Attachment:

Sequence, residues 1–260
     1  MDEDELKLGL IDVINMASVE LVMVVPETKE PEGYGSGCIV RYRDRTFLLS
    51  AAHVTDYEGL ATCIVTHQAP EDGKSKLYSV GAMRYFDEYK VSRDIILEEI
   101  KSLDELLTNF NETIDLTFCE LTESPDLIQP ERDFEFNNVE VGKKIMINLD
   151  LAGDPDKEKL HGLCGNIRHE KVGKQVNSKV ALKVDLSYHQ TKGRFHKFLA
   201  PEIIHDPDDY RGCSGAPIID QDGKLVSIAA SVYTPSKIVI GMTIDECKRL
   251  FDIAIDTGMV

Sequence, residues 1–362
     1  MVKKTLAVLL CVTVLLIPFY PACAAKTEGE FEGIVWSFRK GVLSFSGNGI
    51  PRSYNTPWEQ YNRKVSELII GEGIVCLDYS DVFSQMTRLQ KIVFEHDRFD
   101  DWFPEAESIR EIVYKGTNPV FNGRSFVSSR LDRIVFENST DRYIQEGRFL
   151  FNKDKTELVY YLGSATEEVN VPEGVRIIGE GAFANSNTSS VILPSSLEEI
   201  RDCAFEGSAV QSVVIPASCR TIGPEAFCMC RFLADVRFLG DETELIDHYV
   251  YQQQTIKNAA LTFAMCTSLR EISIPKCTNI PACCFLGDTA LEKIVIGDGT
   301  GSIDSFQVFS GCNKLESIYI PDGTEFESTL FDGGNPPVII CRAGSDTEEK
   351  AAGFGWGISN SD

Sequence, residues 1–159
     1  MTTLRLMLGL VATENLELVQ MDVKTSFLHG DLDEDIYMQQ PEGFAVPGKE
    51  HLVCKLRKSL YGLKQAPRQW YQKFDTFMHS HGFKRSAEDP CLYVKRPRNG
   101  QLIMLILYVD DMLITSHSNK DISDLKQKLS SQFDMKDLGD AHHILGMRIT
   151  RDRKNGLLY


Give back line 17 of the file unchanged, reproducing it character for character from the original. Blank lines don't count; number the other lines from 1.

Sequence, residues 1–159